Monday, September 07, 2009

Extremism is Seldom Convincing

Ben Linskey writes for the Observer online (London) HERE:

Health care debate masks real issues"

“There are two basic means by which to do this. One option is to establish a free market, in which the "invisible hand" famously identified by Adam Smith works to distribute goods in the most efficient means possible. The other is to place all economic goods in the hands of a single governing agency and entrust it to use its presumably superior wisdom to determine who should have what. This latter method, of course, is fraught with problems. America has long favored free markets over central planning, but in recent years, the United States have abruptly and dramatically shifted course, bringing many formerly private sectors of the economy under government control and spending at an astonishing rate

Ben Linskey, reportedly a Libertarian, paints the picture in contrasting colours, when in fact it should be monochrome.

For a start Adam Smith did not use the metaphor of the invisible hand to illustrate how it “works distribute goods in the most efficient means possible”. That is a modern interpretation somewhat different from Adam Smith’s idea.

It gives the metaphor an aura it does not deserve nor does it carry it well. It’s what some Libertarians and assorted ideologues wish rather what happens.

I would think this should be abundantly plain to any reader of Wealth Of Nations who reads of Smith’s unfriendly suspicions of how 18th- century ‘merchants and manufacturers’ actually behaved in their steadfast pursuit of monopoly profits, schemes to eliminate competition, lobbying for special favours from legislators, gifts to those who influenced them, and hostility to free-trade for themselves.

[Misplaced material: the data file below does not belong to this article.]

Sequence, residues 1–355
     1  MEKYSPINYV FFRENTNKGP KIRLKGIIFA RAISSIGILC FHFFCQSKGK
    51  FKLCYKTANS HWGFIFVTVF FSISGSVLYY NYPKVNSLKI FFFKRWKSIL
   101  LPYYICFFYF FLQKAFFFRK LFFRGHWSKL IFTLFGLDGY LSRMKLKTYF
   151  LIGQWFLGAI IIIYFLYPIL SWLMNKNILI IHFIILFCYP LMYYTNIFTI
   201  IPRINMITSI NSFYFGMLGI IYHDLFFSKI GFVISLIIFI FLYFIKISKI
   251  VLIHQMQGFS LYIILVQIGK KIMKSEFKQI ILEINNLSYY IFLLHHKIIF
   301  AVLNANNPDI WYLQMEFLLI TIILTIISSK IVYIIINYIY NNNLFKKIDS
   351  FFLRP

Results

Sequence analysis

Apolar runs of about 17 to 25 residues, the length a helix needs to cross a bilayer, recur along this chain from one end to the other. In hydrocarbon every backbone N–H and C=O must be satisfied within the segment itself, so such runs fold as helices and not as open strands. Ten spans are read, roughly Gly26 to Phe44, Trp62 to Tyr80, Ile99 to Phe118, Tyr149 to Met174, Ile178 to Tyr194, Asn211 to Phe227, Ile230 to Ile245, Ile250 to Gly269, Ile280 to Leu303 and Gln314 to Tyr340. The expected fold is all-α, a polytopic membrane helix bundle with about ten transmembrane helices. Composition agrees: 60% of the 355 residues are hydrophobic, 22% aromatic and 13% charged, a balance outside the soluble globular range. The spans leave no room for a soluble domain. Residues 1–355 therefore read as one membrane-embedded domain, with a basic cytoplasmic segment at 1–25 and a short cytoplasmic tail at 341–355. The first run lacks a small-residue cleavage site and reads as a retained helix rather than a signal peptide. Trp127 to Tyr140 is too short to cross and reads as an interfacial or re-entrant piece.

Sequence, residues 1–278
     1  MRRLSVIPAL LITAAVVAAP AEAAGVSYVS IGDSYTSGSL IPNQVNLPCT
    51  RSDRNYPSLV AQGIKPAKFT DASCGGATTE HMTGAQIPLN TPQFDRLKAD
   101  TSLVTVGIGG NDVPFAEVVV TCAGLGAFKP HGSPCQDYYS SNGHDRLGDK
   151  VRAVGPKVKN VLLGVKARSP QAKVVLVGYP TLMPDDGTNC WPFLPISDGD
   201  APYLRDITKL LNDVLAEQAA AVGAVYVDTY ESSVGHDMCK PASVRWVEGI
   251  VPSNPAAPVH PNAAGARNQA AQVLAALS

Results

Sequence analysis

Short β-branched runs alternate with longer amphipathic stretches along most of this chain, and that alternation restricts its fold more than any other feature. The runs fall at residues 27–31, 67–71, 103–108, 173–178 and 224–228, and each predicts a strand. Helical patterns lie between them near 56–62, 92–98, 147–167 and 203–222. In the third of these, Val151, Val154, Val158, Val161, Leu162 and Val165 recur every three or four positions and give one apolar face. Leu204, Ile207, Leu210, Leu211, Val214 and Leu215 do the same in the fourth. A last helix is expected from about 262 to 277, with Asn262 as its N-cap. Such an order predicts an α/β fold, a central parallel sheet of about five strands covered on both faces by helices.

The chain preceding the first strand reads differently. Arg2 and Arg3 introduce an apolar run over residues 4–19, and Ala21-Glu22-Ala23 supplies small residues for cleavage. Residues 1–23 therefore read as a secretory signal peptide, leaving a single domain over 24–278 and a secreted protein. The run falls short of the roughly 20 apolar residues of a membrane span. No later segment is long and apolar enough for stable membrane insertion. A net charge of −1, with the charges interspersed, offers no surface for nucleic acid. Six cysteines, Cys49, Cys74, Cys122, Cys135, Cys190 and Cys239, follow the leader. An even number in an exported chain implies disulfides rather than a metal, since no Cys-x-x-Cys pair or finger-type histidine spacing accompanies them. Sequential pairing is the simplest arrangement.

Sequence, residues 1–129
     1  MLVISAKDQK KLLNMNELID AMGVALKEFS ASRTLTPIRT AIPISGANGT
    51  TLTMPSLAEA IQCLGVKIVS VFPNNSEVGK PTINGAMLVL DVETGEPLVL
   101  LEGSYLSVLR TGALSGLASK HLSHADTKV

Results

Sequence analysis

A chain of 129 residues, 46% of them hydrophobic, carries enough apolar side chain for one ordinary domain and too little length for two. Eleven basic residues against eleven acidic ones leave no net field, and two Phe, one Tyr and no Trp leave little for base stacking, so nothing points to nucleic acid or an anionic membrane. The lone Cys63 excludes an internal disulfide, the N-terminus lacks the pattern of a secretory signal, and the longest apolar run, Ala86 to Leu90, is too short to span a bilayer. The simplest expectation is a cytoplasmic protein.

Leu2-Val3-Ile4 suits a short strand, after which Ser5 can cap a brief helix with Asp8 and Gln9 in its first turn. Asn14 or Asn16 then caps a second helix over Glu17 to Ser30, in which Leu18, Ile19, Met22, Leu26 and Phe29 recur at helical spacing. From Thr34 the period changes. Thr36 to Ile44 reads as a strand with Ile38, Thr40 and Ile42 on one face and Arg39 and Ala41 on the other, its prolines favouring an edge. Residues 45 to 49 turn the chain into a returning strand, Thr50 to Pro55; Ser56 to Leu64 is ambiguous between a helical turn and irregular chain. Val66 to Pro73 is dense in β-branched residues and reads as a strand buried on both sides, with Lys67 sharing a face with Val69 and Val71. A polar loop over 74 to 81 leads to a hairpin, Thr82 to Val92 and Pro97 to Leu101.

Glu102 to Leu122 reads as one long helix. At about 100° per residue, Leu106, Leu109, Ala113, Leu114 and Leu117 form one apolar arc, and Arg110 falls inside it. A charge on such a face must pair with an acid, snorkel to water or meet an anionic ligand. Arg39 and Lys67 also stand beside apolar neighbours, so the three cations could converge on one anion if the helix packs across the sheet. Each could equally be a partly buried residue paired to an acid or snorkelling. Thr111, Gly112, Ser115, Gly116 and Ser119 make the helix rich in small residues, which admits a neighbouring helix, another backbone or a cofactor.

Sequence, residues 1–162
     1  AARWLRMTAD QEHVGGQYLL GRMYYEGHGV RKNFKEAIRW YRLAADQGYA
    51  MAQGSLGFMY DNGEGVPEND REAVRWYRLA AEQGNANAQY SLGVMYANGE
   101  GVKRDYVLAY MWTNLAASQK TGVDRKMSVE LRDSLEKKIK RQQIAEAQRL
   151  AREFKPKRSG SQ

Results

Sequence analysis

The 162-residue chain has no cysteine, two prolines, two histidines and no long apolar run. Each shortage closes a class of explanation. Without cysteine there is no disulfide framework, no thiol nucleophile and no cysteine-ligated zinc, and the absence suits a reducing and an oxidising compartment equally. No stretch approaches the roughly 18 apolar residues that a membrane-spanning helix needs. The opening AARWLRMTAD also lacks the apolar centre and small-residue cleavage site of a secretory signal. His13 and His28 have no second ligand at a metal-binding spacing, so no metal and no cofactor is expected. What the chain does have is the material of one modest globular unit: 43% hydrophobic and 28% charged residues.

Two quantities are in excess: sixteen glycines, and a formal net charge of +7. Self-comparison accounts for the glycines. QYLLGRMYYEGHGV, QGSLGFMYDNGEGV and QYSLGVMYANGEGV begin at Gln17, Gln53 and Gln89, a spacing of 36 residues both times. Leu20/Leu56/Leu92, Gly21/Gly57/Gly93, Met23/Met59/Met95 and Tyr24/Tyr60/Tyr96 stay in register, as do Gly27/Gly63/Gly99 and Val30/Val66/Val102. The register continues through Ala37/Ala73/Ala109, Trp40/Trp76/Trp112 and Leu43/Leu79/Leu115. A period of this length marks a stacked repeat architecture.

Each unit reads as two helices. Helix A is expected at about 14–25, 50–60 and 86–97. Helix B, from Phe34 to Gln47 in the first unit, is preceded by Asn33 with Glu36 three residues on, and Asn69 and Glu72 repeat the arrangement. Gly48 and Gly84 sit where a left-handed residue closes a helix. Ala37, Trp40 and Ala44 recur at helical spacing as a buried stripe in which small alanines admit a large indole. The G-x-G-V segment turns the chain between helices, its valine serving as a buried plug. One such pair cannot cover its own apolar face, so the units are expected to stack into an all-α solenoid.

Has that much changed in their behaviour today? How many lobbyists does it take to pass legislation in Congress or Parliament?

Smith’s use of the metaphor of the invisible hand in Book IV of Wealth Of Nations related to some – not all – merchants who were risk averse in respect of foreign trade (including with the North American British colonies) and who naturally preferred to trade locally in Britain. By doing so, they added to domestic capital formation, which raised domestic GDP (using modern terminology), considered by Smith, rightly, to be in Britain’s interests).

Markets were analysed in Books I and II of Wealth Of Nations and Smith did not mention the invisible hand as having any role in them. Whether the goods were distributed “efficiently” depended on a host of other factors, including profitability, successful investments, productively, lack of monopolies, the absence of restrictive practices and tariff protections.

Ben’s alternative to his vision of markets led by an invisible hand is “to place all economic goods in the hands of a single governing agency and entrust it to use its presumably superior wisdom to determine who should have what.” This reads more like something Marx and Engel’s might have written. It was not the alternative postulated by Adam Smith to his ideas in Wealth Of Nations.

The alternative to freer markets where possible (not laissez-faire, which was never advocated by Adam Smith), with state-funded and legal interventions where necessary. This was precisely what obtained in 18th-century Britain, the system of “mercantile political economy”, with state interventions at all levels (the Statute of Apprentices; the Settlement Acts; hostile tariff and prohibitions based on “jealousies of trade”, wars of dynastic succession in Europe, the Navigation Acts, and colonies).

Modern states have gone far beyond the interventions of the 18th century, as well as continuing some of the habits inherent in jealousies of trade. That modern societies required new forms of intervention does not decry their need. Smith advocated state interventions in banking, for example, to protect the citizenry even though individually they were “manifest violations” on perfect liberty (WN II.ii.94: 324).

He was never an ideologue, a tag that unfortunately cannot be disclaimed by some Libertarians.

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